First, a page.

“Heaven is so beautiful,” she says again. “No one was sad and there were kids running around. I also saw some animals that looked like rabbits and beautiful flowers. Everyone was dressed in white robes, and they were all so happy.”

Her brother and I are spellbound at this point. He leaves his desk and joins us at mine.

I ask her if she recognized anybody. “No,” she replies.

“Okay, so what happened next?”

As the two people entered heaven, she explains, she was able to see a bit of the place but then immediately found herself going back down via the same route, and she was soon back where her journey had begun. From what she could see, the place appeared to be at the edge of a cliff, and at the far end was the throne of Jesus which she had seen earlier. Jesus appeared to be so big and so high above, she says, that even though she wanted to speak, she didn’t think He would be able to hear her.

“I wasn’t terrified or anything even though He looked really huge,” she tells us, “I just knew it was Him.”

The place all around her appeared dark red in color, however, and she could no longer see heaven because the portion through which she had seen it was now closed. She had only been allowed a brief glimpse of that wondrous place. But it was enough.

And she now had a question she must ask:

“What must I do in order to enter Your kingdom?” she had asked Jesus, hoping that He would hear her, high up as He was.

“Jesus replied that I just need three things…,” she says, her lip starting to quiver. She pauses. “Wait..” she sniffs, losing the battle to stay cool. She slips out of the room for a minute, comes back with a soft tissue and dabs at her eyes.

“Jesus heard me, Mum. And He knew my name!” she says, eyes wet with awe and wonder. “He said to me ‘You only need three things, Nimo, in order to enter the kingdom of heaven: trust and obey God, believe He is real and believe in the love of God.’”

She pauses, and dabs quietly at her eyes again. And then she continues.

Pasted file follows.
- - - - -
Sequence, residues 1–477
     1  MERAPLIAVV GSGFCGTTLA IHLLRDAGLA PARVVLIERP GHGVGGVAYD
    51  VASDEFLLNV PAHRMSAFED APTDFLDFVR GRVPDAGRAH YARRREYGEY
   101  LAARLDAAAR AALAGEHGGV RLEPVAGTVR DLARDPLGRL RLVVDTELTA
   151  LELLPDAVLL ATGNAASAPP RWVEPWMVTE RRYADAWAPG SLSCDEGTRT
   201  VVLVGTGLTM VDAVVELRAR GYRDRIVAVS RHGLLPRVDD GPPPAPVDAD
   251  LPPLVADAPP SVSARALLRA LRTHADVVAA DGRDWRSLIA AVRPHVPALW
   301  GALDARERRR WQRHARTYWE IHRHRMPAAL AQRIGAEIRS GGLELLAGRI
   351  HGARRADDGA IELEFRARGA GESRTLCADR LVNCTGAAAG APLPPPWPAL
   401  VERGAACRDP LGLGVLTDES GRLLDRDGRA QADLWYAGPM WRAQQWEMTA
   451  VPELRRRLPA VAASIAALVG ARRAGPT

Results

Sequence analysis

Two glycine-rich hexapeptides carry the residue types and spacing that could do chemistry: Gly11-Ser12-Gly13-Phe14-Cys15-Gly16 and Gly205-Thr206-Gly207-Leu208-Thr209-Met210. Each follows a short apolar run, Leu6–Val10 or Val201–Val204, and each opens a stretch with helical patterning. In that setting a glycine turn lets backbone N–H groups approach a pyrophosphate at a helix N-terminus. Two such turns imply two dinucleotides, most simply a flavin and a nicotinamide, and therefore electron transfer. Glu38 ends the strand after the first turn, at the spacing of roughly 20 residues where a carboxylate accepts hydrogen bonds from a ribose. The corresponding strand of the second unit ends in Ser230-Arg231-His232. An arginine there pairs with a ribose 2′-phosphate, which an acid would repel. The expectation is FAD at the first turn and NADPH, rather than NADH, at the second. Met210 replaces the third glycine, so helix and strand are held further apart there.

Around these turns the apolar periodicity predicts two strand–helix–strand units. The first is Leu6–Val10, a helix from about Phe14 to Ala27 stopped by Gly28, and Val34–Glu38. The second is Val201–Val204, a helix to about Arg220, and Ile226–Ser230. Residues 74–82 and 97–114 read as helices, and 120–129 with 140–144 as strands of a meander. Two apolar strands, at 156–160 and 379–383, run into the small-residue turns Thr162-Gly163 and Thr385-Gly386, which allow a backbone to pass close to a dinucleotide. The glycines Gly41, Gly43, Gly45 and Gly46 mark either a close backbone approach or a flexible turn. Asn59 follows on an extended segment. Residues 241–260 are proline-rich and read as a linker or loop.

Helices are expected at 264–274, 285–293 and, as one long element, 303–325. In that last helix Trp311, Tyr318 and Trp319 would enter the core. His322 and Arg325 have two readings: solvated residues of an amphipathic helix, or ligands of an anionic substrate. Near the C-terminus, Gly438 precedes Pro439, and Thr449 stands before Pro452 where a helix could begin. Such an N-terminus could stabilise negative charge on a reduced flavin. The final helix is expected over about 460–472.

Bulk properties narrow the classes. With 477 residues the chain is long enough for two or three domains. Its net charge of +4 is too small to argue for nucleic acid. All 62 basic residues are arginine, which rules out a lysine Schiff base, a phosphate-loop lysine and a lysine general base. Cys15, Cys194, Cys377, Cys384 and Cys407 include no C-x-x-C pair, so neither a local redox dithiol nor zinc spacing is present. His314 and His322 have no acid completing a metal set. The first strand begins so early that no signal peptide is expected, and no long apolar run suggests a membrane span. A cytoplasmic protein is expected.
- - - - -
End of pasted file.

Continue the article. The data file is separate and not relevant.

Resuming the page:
A short distance from the throne, she says, to her left, was a dreadful queue of miserable-looking people. They were all dressed in rough, dark cloaks and all looked pale, grey and sad, even sickish. In front of them was an odd figure, also dressed in a black raggedy cloak. In his hands she could see a huge pair of scissors. And with these, she tells us, he would chop off those people’s heads, and the heads would roll off to the side, while their souls floated off into hell.

I glance at her young brother and consider leaving the room with Nimo, but I think the better of it. Intrigued, I ask how the souls looked.

“Well, they were just… they were not, like, nice,” she says. “They would float away and go into hell.”

“Where was hell?” I ask, curious.

Hell was somewhere behind Jesus’ throne, beyond the cliff, she says. She couldn’t see it clearly because it was dark, red and very foggy. But she knew it was hell. And as the people stood before Jesus’ throne, the Lord would point in the direction of the odd, cloaked figure for those who were destined for hell. But for those who were headed to heaven, Jesus would lift them with a gentle movement of His hand and place them on a platform a short distance away. And then they would be taken up and the foggy clouds would close back again, depositing them in heaven where they would immediately be clothed in white robes.

Surprised and more than a little shaken, Nimo had asked Jesus how these sad-looking people had come to be in that terrible queue.

“Those people didn’t do well, Nimo,” He had replied quietly, with a flick of his hand in their direction.